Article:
LAST week, members of the Edo State House of Assembly re-enacted the kind of disreputable conduct that had been so regularly acted out in other legislatures in the country. The Speaker at the time, Hon. Zakawanu Garuba, turned his gavel into a weapon, hitting the head and hands of another lawmaker. A legislator whipped out a teargas canister and sprayed some of his colleagues, with intent to suffocate them. Even more horrifying, another legislator emerged with an axe from his dress and split open the head of a fellow lawmaker.

The immediate cause of the mayhem was the attempt by some lawmakers to impeach Garuba as Speaker. To forestall the plan, Garuba hurriedly adjourned the plenary. His approach was to prevent a member whom he suspected would move the motion for his (Speaker's) ouster. Thereafter, commotion ensued, resulting in a bloodbath.

There can be no justification for honourable members of the legislature behaving like thugs. No matter how heated a debate might be; no matter how provocative a motion might be, lawmakers ought to be able to keep their anger in check. To suddenly lose their cool, and then resort to the use of dangerous weapons inside the otherwise hallowed chambers of the House, is to impugn their own integrity and lower their esteem in the eyes of the public.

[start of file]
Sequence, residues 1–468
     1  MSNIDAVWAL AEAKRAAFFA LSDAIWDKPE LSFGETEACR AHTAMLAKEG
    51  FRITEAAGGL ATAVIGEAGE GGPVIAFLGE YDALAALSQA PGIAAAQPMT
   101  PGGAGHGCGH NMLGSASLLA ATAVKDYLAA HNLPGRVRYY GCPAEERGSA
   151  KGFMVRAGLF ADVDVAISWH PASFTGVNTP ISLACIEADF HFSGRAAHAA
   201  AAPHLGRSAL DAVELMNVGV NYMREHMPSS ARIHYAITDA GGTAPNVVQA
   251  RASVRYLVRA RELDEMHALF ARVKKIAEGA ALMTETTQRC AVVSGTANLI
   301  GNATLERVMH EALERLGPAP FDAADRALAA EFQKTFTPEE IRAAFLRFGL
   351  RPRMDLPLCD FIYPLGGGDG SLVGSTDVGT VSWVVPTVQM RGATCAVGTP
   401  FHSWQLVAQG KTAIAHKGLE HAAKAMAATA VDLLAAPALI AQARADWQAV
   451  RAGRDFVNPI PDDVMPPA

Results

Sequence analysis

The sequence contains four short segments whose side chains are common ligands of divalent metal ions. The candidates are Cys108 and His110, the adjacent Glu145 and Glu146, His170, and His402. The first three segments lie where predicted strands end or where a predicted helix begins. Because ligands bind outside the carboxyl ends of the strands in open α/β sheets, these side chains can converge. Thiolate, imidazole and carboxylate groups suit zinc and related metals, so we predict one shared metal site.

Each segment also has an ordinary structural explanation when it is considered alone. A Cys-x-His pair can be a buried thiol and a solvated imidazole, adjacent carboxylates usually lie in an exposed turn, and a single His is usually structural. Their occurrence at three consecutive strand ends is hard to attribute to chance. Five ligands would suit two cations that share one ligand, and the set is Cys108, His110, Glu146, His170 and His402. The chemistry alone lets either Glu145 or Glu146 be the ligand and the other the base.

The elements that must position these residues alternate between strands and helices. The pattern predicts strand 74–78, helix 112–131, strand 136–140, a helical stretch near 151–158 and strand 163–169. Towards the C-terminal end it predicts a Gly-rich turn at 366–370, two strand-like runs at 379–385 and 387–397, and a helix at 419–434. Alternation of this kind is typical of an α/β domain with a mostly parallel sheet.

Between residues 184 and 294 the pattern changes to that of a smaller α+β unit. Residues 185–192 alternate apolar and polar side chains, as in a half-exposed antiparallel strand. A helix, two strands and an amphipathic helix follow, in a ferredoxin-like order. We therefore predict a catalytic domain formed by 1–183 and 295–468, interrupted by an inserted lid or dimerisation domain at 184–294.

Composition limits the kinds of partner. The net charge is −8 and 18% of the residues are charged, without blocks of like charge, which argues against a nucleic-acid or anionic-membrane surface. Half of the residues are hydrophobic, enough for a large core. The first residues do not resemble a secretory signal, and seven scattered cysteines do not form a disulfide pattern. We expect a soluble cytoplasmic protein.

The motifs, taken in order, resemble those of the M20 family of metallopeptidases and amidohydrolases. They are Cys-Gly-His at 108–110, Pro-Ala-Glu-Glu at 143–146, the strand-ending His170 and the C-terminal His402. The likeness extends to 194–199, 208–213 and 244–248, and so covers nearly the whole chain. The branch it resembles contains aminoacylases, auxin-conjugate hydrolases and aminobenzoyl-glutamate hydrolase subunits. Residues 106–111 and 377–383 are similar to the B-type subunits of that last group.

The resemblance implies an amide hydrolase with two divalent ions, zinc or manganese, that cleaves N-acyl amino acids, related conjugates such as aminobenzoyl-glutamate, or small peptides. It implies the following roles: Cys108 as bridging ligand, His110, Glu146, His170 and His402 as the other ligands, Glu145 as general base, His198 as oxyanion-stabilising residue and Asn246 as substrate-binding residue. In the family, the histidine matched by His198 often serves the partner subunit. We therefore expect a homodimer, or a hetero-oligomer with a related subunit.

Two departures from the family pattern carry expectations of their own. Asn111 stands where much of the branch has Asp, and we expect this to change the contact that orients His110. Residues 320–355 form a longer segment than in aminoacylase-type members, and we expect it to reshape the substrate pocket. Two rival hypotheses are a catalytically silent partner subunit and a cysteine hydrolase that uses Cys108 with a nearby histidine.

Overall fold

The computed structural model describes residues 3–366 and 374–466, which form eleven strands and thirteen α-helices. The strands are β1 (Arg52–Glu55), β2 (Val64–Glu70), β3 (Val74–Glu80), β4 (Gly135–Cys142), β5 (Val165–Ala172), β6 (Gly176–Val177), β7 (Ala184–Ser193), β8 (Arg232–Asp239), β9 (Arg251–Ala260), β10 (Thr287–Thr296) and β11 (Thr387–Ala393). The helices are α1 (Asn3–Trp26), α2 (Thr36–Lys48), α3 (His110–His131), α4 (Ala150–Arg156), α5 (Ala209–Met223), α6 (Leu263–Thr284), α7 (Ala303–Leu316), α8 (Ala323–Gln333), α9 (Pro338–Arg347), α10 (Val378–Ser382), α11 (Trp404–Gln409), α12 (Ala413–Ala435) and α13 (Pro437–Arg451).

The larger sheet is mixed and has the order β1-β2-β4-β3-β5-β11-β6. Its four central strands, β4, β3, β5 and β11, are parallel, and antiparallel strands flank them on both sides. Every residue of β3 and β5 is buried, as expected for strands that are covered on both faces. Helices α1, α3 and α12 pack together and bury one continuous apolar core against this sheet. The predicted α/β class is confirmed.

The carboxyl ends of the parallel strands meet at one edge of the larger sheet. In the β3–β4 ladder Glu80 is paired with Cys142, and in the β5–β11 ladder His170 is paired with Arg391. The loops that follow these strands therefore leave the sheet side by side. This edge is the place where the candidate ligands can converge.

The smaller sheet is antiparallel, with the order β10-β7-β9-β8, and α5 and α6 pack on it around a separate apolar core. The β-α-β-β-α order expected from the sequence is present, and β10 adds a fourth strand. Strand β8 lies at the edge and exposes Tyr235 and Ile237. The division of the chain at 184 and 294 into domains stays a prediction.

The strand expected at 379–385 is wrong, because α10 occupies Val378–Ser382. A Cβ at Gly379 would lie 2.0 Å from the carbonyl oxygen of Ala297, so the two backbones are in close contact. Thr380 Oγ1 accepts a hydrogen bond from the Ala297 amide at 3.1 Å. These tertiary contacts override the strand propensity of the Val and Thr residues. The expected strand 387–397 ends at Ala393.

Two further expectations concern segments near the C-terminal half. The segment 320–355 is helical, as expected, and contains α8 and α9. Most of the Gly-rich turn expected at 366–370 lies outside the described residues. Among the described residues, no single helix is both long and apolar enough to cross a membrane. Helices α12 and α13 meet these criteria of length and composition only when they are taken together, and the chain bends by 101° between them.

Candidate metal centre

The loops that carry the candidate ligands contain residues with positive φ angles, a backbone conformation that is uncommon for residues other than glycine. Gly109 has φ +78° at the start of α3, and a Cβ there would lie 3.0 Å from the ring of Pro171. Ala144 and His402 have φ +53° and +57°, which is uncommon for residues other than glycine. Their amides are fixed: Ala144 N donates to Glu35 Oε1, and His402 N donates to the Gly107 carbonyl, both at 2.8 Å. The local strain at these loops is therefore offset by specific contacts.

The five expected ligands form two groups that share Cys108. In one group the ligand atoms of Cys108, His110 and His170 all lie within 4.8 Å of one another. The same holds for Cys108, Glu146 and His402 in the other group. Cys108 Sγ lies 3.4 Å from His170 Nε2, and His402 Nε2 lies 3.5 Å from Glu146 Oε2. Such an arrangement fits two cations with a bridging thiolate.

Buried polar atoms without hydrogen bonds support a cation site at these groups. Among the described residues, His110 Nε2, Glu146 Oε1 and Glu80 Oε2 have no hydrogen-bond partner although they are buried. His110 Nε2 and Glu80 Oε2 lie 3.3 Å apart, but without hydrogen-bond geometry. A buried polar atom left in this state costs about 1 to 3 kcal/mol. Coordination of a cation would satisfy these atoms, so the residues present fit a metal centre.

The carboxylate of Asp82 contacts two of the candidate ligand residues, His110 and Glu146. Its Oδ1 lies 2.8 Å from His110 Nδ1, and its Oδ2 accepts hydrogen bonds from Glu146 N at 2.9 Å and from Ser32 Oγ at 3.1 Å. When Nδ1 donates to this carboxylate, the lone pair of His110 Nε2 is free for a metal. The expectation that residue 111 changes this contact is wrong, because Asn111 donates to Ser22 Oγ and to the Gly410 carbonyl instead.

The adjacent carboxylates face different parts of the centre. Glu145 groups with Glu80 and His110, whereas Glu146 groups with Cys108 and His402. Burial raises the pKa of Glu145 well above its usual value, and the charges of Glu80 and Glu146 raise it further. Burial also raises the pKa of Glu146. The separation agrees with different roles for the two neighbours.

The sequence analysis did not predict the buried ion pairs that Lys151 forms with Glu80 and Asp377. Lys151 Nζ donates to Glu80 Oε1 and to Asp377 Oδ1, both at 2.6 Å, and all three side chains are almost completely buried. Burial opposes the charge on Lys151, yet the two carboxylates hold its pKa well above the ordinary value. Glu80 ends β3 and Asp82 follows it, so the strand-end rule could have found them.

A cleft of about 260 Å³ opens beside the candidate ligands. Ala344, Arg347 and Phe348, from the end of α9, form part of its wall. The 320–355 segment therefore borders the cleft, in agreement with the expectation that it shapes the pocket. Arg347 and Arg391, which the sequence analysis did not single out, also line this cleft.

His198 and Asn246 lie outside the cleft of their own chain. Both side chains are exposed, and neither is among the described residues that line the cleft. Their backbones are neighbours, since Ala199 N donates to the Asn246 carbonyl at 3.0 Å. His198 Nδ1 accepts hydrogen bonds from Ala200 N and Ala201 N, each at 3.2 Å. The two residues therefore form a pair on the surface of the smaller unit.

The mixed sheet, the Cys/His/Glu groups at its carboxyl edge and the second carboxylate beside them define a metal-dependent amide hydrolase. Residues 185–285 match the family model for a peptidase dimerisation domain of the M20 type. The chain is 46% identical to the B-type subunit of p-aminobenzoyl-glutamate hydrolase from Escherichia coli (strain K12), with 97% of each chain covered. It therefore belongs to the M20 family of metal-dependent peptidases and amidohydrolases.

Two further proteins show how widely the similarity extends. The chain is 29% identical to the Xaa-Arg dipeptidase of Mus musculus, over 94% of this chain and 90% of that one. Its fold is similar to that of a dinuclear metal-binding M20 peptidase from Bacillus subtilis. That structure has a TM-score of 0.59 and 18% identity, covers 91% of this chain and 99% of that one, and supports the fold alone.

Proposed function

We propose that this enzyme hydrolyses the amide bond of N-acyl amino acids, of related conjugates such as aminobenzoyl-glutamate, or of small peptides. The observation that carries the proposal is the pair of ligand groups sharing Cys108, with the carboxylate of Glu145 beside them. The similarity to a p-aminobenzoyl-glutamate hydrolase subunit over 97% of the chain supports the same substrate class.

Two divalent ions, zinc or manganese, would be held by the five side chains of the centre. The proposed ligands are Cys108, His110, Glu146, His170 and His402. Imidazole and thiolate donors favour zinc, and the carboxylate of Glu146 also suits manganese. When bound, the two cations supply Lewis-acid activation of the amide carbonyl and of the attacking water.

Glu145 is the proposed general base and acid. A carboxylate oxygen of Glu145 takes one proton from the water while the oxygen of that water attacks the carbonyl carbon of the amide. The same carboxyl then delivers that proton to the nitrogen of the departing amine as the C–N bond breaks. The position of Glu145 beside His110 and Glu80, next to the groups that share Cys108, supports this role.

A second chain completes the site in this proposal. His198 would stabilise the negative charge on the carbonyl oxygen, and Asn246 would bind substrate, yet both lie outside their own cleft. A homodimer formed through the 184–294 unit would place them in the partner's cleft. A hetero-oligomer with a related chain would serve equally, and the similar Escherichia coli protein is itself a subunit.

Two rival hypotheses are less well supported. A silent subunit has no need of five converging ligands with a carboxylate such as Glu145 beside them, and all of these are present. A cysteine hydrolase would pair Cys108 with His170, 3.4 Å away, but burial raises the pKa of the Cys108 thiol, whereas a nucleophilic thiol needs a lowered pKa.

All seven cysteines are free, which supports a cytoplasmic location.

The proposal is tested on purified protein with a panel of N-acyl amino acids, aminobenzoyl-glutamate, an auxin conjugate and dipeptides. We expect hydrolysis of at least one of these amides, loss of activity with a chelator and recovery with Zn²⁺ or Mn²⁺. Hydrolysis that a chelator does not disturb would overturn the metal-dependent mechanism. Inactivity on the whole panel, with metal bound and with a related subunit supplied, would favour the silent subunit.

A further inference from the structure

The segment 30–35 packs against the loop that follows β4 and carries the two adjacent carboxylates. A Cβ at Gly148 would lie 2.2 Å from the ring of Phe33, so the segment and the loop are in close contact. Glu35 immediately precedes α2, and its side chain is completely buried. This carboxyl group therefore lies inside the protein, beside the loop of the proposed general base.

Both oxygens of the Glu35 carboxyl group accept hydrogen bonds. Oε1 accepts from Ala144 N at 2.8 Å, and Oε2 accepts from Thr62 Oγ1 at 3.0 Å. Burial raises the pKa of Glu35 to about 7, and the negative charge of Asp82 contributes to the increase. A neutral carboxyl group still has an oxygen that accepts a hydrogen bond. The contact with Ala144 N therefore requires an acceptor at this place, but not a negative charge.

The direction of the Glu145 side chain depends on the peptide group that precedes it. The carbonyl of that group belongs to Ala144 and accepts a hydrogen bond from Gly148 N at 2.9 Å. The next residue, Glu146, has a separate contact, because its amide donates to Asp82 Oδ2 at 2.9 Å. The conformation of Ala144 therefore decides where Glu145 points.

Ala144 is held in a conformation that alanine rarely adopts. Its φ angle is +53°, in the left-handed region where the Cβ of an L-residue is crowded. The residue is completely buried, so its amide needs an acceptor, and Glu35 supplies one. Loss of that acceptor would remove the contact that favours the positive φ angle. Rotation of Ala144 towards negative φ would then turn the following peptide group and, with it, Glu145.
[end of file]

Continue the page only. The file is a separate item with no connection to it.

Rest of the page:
Ordinarily, the choice of the principal officers of a legislature is the internal affair of the members. There are no compelling reasons to alter that principle. In exercising their prerogative, the legislators may opt to retain or to remove even their leaders, a fact which has been played out on several occasions in various state legislatures and the National Assembly. Often, though, it boils down to a game of numbers involving the protagonists and antagonists of the targeted officer for impeachment.

Garuba who was Speaker when all hell broke loose in the Edo House last week is a veteran of the somewhat routine but usually charged replacement of the Speaker. He was in the House of Assembly from 2003 to 2007. During that period, he witnessed the ouster of Friday Itulah as Speaker. He was also in the House when, in February 2006, there was another revenge ouster against David Iyoha, who was dropped and Itulah reinstated. In both instances, it was the result of the internal contradictions within the ruling People's Democratic Party (PDP), which held an unassailable majority in the House at the time.